Remember, Remember the 5th of November – Gunpowder, Treason and…Dogs?

So by now most of us have finally ceased to mourn the loss of yet another summer and are begrudgingly starting to become acclimatised to the majority of our time being spent in darkness. Some of us may even be starting to embrace the joys that autumn, and the impending winter months will bring, and for dog owners there are so many things for us to embrace; the crisp autumnal walks, with leaves under foot, mists in the morning and the pleasantly peaceful cool winter nights.

Let’s face it we are also excited that it’s now completely acceptable to have our dog walking ‘uniform’ on at all times (the wellies, wax jackets and quite often ridiculous headwear).

Of course bonfire night and the obligatory fireworks are effectively the opening ceremony for the start of this beautiful time of year, and they also set the spark of excitement as we all start the tentative countdown to Christmas, and I say tentatively because yes, we all know it’s too early, but quite frankly – who cares (X Factor is on, and there are mince pies in the shops so that’s the green light for me!) But with all the excitement comes a twinge of concern for many a dog owner as we know that this is not necessarily going to be an easy few days for our dogs (or our worry levels).

Sound sensitivities, including fireworks are very common in dogs. The reaction that it can cause can vary greatly between dogs, and whilst some uncertainty is quite normal, fireworks can be the cause of a great deal of distress for our dogs. Here at The Paw Pack, we have been researching some of the best ways that you can spot for signs of distress in your dog, and also some tips for how you can plan ahead to make firework season more of a ‘walk in the park’.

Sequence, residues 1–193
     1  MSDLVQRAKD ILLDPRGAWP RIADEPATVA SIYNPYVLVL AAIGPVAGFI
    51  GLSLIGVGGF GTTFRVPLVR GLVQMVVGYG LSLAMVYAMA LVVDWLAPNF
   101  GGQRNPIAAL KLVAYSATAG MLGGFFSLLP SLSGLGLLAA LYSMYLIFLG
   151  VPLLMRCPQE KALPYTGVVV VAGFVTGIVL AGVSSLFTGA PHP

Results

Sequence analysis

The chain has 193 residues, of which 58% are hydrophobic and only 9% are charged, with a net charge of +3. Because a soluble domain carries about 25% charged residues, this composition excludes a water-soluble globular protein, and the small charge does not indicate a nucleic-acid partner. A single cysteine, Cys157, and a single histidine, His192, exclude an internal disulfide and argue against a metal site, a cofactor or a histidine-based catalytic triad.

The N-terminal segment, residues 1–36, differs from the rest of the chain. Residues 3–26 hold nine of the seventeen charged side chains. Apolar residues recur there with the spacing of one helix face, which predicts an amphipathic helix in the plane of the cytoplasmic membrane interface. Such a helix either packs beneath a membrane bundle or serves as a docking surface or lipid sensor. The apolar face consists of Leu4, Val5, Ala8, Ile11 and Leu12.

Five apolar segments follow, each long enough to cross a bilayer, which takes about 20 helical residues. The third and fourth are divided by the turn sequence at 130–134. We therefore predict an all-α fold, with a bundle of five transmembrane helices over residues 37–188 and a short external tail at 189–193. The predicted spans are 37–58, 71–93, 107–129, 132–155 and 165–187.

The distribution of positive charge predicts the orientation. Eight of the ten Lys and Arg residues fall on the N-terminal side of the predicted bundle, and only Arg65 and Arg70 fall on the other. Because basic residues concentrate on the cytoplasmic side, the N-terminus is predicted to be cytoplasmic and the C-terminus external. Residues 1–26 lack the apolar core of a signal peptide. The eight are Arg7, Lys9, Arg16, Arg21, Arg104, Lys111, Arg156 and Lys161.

Most of us know every single one of our dog’s little idiosyncrasies, and can probably tell when something is not quite right but we should all look out for some of the following signs over the coming days:

Ears back
Excessive panting
Barking excessively
Making a mess in the house

So what should we do if we are worried about our dogs and how they are coping? The RSPCA have produced some useful guidelines in which they suggest:

Before the fireworks season starts, provide your dog with a ‘safe haven’ or a little den. This needs to be somewhere that they will feel safe and in control. The RSPCA recommends training your dog to associate this as a positive place by leaving toys and swapping the toys around so that they see it as a fun and enjoyable place, but they explain that you should not impose yourself on them in this space. They will hopefully see this is a safe place to go should they get distressed by the fireworks.

Ensure all windows and doors are shut
Close the curtains
Consider distracting them with a toy or chew
Put music or the TV on before the fireworks start in order to mask the sound.
Walk your dog in the early evening when it is still light
Ensure your dog is safe and secure, is microchipped and has an ID tag;
Try to ignore the sounds of fireworks yourself, and try to leave your dog alone unless they may harm themselves

Consider talking to your vet about pheromone diffusers which disperse calming chemicals
The RSPCA also suggest that you may want to talk to your vet about the Sound Scary Therapy pack. More information can be found at

We hope that some of the above may be helpful over the coming days, but remember that your vet will be the best person to speak to if you are concerned about your dog’s behaviour, or want specific advice on how to cope with the firework season.

The Paw Pack wishes you all a happy, safe and enjoyable toffee apple season!

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